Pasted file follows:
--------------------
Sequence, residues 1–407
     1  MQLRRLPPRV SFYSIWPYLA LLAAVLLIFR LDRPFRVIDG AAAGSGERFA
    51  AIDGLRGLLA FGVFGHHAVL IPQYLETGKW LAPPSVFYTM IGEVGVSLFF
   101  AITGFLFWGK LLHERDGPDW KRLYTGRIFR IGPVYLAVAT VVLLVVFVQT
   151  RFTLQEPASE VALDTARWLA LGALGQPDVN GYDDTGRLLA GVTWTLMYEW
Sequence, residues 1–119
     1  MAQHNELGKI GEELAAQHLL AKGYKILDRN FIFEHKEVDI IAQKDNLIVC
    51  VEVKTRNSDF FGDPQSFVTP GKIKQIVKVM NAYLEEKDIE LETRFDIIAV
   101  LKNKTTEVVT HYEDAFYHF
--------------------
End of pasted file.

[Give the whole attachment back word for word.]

Sequence, residues 1–407
     1  MQLRRLPPRV SFYSIWPYLA LLAAVLLIFR LDRPFRVIDG AAAGSGERFA
    51  AIDGLRGLLA FGVFGHHAVL IPQYLETGKW LAPPSVFYTM IGEVGVSLFF
   101  AITGFLFWGK LLHERDGPDW KRLYTGRIFR IGPVYLAVAT VVLLVVFVQT
   151  RFTLQEPASE VALDTARWLA LGALGQPDVN GYDDTGRLLA GVTWTLMYEW
Sequence, residues 1–119
     1  MAQHNELGKI GEELAAQHLL AKGYKILDRN FIFEHKEVDI IAQKDNLIVC
    51  VEVKTRNSDF FGDPQSFVTP GKIKQIVKVM NAYLEEKDIE LETRFDIIAV
   101  LKNKTTEVVT HYEDAFYHF